An after-school club activity has led to permanent change with real results. On the sunniest June afternoon imaginable on top of Bellingham High School’s roof, a contingent of students, graduates, staff and professional installers placed the first solar array in Bellingham Public Schools.
In 2017, several students in the BHS Environmental Club calculated energy use around their school. Much to their surprise and regret, the recently installed jumbotron electronic screen in the BHS Commons was found to consume as much energy every day as a Whatcom County home. With that disturbing bit of data, the students decided to find a way to offset that consumption and wrote a grant to the Bellingham Public Schools Foundation to install solar panels on the school’s roof.
Their grant proposal was accepted and they were funded $2,500 if they could raise $2,500 in matching funds. Two years later, with many twists and turns along the way, and with the ultimate help of the school’s ASB and PTSA groups, the money was matched and work could move forward.
BHS science teacher and advisor to the Environmental Club Joe Balsiger wants to give credit to the many people in many corners of the district who helped bring this to fruition. The list of those involved included the passionate students, now graduates, who had the drive to find and fix a problem. He listed the supportive school and district staff who said’ yes’ to the project all along the way, helping to problem-solve the funding and troubleshoot logistics. And finally, he mentioned the local companies Western Solar and Skyline Roofing, for bringing this multi-year vision and project to reality.
Mike Anderson, director of Buildings and Grounds, believes that the BHS solar panel project was ‘all positives.’
“From our perspective,” Anderson said, “it was not harmful to the structure, had no cost, only payback, and was a benefit to the students. We viewed it as a good chance to support teaching and learning with just a little of our time.”
“The students were involved in bringing this about and learned important facets of project planning and implementation.”
Dana Hickenbottom, project manager of Western Solar in Bellingham, took time to answer some questions we had about the logistics of the project:
How did you come to work on this project with BHS?
Hickenbottom: I started working with the BHS Environmental Club about three years ago when I was the Technical Support Engineer with itek Energy, the local solar panel manufacturer at the time. Joe Balsiger, the clubs director, approached me at a Career and Technical Education Advisory Board meeting and inquired about what it would take to put solar on the roof of Bellingham High School. I went in and met with the Environmental Club and we put a plan together for how to make it happen. I helped the students prepare solar production estimates, calculate the economic value of the project, and outline the many educational benefits of having a solar array on the roof of the high school. This helped them write grants and secure funding for the project. Unfortunately we weren’t able to put the final pieces in place to get the system installed that year and it kind of lost momentum after I stopped working at itek Energy. Luckily we were all determined to make it happen and the project began to take shape again once I started working at Western Solar and Joe had an enthusiastic group of Environmental Club students ready to pick the project back up again. And now there is a wonderful solar array up on their roof that will offset a portion of the buildings energy use and provide incredible learning opportunities for years to come.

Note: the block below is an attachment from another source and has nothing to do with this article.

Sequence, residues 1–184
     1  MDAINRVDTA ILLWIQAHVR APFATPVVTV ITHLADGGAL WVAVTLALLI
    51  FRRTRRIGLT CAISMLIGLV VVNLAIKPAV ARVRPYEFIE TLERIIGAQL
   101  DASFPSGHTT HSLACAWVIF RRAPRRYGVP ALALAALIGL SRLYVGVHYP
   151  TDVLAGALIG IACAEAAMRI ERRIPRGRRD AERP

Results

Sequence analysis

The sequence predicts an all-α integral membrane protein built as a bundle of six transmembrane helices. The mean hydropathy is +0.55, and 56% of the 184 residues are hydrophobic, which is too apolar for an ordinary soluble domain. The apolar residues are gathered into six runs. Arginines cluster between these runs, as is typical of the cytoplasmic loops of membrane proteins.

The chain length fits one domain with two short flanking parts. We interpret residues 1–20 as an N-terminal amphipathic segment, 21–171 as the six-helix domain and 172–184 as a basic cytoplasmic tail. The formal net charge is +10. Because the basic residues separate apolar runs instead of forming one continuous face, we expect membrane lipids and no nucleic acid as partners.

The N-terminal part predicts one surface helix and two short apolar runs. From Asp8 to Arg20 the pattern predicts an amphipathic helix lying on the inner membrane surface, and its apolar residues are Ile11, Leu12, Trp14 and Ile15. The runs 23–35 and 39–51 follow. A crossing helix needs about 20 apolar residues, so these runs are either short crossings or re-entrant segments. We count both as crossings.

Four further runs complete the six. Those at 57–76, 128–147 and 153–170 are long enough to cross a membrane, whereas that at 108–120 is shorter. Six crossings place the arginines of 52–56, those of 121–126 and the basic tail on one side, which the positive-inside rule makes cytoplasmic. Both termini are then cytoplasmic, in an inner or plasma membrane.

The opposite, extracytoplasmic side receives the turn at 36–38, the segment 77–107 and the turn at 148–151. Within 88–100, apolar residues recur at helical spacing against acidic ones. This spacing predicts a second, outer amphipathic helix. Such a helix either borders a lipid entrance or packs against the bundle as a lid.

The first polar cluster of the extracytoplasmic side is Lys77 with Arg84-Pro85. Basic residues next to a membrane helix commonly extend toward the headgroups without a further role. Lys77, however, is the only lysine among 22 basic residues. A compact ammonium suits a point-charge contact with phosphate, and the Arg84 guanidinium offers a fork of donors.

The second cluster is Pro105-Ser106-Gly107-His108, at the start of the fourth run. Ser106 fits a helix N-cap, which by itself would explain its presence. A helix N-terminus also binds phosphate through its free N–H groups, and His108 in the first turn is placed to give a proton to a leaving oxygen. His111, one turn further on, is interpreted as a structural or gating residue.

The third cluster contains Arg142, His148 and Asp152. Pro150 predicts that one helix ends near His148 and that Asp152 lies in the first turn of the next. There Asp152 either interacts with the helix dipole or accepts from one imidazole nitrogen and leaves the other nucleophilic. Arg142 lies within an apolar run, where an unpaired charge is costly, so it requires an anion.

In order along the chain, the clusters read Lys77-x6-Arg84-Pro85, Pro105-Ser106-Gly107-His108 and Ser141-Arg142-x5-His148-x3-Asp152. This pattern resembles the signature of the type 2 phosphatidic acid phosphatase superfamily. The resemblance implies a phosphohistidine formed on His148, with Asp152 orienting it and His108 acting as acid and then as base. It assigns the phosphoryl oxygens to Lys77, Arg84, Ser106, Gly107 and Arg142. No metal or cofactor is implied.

Do you see value in working with our youth on projects like this? Why?
Hickenbottom: Absolutely! I believe there are numerous benefits when students are able to collaborate and work alongside industry professionals. This particular experience gave the students a glimpse into the various careers available in the solar industry. Not only did they take part in the system design and solar production estimates but they also had an opportunity to write grants, fundraise, assist with the project permitting, and put the finishing touches on the actual installation of the solar panels. When students get to see the process from start to finish they are afforded such a great opportunity to identify areas of interest within the solar industry that they may want to pursue as a career. The clean energy industry is such a dynamic, fulfilling, and growing field so my hope is that the more exposure students have to this industry at a young age, the more likely they’ll want to become clean energy professionals in the future. We certainly need as many motivated and creative people working in this field to help solve some of the world’s biggest problems.
Another great aspect of this project is that it provides continuing educational opportunities for Bellingham High School students for years to come. The system includes online monitoring so teachers and students are able to use the solar performance data to design lesson plans and carry out experiments. It will be fun to check in periodically to see what types of learning opportunities they’ve come up with.
What do you think were the biggest takeaways for the students?
Hickenbottom: I hope the students were able to see that no matter where your strengths lie, there are opportunities to work in the solar industry and put your skills to good use. I also hope they were able to see the value of collaboration on projects like these. We wouldn’t have been able to get this project done without the persistence and hard work of all the parties involved.
Though fastening down the last panel was more ceremonial, it felt fitting to give them an opportunity to get their hands on it since they had all been part of the process through the years. It had been years in the making..